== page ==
Indiana University SPEA Edward J. Bloustein School of Planning and Public Policy University of Pennsylvania AIR American University

Panel Paper: Diffusion Along Transmission Lines: The Case of Utility Decoupling Policy

Saturday, November 14, 2015 : 2:05 PM
Gautier (Hyatt Regency Miami)

*Names in bold indicate Presenter

Yu Wang, Iowa State University
The growing energy efficiency market requires more and more involvement of utilities in facilitating and incentivizing efficiency improvement. As the supplier of energy, utilities can conveniently deliver, maintain, and finance efficiency services to consumers.  However, they are often not motivated to do so because their revenue depends on sales. To remove this disincentive, states adopt decoupling mechanisms to disassociate utility revenue from sales, making utility companies indifferent between maximizing sales and promoting energy efficiency. When the decoupling policy is in place, utilities can work closely with state public utility commissions to propose a change to their business model to recover lost revenues due to efficiency improvement. With the new business model, utilities can earn profits by helping customers invest in energy efficiency, and obtain competitive advantages. After electricity restructuring from the late 1990’s to early 2000’s, California was the first to adopt decoupling by resuming its rate adjustment mechanism. Since then, many states have adopted similar decoupling mechanisms for their electric and natural gas utilities.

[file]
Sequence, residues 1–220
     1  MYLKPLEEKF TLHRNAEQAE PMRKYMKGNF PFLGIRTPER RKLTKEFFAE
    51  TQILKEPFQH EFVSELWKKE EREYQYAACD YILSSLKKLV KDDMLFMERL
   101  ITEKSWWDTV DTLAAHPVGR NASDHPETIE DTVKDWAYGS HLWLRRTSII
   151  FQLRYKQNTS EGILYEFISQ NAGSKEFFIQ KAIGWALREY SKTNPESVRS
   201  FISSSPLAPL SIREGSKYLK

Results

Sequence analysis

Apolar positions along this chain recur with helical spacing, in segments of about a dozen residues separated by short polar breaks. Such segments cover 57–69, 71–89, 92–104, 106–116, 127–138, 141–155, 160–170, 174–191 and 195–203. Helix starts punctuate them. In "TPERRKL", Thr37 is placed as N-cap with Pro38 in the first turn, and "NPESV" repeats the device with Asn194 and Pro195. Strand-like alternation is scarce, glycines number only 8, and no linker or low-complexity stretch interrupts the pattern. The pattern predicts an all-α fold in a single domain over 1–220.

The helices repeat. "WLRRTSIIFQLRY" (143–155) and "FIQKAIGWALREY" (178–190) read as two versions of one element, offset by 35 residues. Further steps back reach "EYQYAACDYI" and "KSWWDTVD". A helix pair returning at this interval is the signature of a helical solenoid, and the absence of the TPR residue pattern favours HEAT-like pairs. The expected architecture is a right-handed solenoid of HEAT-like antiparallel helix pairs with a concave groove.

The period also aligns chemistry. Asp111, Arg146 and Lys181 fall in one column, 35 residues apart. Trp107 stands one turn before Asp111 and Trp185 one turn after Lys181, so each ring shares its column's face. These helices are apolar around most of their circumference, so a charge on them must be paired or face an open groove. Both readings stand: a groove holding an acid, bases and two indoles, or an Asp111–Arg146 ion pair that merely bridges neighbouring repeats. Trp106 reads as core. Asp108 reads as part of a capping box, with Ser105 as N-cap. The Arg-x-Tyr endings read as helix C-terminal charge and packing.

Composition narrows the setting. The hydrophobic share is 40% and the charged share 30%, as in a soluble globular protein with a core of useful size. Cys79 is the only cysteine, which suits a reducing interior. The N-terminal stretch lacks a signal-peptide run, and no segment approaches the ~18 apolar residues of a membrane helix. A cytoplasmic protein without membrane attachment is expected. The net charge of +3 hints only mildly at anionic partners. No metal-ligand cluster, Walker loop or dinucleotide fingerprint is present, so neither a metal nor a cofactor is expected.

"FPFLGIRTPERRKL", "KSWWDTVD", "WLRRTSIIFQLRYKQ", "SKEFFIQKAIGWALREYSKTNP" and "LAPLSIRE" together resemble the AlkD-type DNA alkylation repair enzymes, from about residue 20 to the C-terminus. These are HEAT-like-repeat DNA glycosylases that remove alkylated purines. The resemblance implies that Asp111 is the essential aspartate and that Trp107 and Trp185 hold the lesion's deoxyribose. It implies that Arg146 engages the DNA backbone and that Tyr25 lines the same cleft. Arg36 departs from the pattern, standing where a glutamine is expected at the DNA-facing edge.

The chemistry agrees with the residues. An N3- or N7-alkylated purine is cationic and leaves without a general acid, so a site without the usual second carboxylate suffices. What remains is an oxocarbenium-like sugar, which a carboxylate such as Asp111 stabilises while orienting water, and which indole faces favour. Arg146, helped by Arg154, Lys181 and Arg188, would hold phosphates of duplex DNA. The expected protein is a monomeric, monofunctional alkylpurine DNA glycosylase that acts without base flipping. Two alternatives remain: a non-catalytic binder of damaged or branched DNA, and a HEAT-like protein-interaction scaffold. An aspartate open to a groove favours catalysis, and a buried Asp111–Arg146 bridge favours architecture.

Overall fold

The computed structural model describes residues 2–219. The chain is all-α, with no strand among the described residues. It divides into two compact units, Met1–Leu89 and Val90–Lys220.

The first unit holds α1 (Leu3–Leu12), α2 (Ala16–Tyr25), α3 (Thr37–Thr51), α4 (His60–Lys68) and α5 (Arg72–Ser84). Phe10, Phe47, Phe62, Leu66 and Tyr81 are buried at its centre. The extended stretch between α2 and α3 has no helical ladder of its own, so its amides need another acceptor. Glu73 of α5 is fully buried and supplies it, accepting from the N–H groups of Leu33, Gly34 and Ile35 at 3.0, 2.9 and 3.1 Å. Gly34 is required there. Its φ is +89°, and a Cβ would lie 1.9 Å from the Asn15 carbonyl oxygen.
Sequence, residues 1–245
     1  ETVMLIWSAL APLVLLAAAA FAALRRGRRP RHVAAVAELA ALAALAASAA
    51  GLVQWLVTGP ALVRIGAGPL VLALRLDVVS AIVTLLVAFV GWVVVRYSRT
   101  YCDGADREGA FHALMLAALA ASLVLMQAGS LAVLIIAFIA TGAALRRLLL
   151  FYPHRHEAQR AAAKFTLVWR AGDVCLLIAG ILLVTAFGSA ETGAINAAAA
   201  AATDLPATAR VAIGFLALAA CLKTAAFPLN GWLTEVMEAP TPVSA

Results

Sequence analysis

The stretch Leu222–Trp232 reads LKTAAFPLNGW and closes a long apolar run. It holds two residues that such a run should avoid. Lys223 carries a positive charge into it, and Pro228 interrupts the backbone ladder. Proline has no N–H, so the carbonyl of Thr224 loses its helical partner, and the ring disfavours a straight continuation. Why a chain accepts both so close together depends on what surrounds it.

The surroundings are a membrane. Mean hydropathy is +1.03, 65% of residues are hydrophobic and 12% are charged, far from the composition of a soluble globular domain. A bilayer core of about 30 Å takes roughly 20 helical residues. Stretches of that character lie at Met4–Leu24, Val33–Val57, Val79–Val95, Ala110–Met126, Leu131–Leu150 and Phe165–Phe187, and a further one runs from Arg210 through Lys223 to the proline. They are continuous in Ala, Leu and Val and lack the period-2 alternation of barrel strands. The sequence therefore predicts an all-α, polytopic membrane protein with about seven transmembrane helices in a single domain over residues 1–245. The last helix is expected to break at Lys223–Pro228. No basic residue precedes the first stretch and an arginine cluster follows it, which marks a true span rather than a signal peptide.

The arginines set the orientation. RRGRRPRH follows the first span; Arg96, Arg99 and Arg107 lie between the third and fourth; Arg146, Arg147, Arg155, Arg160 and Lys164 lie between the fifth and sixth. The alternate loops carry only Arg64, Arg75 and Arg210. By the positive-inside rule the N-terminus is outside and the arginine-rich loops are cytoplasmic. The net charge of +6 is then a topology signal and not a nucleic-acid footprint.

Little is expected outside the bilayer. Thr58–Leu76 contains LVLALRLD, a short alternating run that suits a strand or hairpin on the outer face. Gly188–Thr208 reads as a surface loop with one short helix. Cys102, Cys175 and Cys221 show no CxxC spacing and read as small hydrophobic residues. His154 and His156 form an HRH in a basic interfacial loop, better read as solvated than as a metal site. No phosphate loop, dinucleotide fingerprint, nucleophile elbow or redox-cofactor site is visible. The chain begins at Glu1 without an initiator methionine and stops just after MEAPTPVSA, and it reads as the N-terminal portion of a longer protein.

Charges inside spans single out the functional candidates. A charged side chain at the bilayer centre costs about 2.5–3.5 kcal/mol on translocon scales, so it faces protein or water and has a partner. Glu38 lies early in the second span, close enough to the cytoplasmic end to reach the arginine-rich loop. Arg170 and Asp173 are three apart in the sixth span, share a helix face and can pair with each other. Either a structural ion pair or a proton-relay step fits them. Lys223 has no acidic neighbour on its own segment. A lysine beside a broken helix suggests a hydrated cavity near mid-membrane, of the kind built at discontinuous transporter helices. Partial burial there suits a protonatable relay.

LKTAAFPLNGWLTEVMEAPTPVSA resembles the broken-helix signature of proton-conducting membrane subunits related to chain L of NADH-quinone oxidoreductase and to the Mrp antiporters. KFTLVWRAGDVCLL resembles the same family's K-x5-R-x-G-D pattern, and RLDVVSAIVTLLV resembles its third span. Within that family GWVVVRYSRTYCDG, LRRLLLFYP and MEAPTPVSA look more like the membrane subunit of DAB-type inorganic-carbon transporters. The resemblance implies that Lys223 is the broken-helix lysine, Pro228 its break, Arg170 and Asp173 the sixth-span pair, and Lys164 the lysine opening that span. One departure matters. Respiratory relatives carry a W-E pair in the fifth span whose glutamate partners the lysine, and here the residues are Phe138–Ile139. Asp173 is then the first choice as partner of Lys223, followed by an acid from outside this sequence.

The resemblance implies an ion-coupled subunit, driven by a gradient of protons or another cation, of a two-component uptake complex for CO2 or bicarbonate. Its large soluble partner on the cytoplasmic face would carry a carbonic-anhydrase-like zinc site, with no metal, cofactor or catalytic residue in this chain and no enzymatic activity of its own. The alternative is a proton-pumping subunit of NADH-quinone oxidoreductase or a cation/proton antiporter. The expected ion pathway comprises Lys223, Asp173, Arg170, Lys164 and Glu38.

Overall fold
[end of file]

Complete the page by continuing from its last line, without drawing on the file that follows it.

This paper studies the diffusion of electricity decoupling, testing the impact of regional diffusion, whereas regions are defined by the electricity wholesale markets along transmission lines. The underlying assumption is that utilities learn from their competitors in the same and neighboring regions. Similarly, policy makers learn from their peers in the same and contiguous regions. Thus, states are more likely to adopt decoupling if the policy has been adopted in other states from the same and neighboring regions. To test this hypothesis, Event History Analysis (EHA) was applied to study the adoption of electricity decoupling policies in the 50 American states and the District of Columbia from 2004 – 2012. The diffusion of state decoupling policy is determined by motivation, resources, and obstacles, which are examined in a model combining internal determinants and regional diffusion. The model also tests for other policies that may influence the diffusion of electricity decoupling, such as natural gas decoupling and the Energy Efficiency Resource Standard (EERS). The model results in a significant positive coefficient of the regional diffusion factor, indicating policy learning motivated by market competition. This paper attempts to explain the diffusion of electricity decoupling, highlighting the positive regional effect based on the evidence of state adoption behavior.